Workers, Wages, and Technology
This paper documents how plant-level wages, occupational mix, workforce education, and productivity vary with the adoption and use of new factory automation technologies such as programmable controllers, computer-automated design, and numerically controlled machines. Our cross-sectional results show that plants that use a large number of new technologies employ more educated workers, employ relatively more managers, professionals, and precision-craft workers, and pay higher wages. However, our longitudinal analysis shows little correlation between skill upgrading and the adoption of new technologies. It appears that plants that adopt new factory automation technologies have more skilled workforces both pre- and postadoption.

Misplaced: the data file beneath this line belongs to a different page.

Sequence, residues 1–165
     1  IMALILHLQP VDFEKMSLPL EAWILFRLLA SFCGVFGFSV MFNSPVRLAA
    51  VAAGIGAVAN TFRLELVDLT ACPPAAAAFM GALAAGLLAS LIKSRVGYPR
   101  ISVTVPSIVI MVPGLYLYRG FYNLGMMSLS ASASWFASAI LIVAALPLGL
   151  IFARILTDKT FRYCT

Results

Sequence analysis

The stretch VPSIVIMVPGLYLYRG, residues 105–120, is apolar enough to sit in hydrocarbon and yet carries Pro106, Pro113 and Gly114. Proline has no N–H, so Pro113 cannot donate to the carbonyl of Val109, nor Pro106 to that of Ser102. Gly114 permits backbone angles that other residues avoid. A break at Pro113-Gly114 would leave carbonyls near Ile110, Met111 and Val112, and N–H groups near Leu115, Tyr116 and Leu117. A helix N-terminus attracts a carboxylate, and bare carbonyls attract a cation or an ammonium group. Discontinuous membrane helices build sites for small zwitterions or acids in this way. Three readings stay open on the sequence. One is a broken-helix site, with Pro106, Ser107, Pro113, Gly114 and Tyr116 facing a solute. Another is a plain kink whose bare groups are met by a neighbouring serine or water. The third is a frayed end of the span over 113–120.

Volume (Year): 112 (1997)
Issue (Month): 1 ()
|Contact details of provider:|| |
When requesting a correction, please mention this item's handle: RePEc:oup:qjecon:v:112:y:1997:i:1:p:253-290.. See general information about how to correct material in RePEc.
For technical questions regarding this item, or to correct its authors, title, abstract, bibliographic or download information, contact: (Oxford University Press)or (Christopher F. Baum)
If references are entirely missing, you can add them using this form.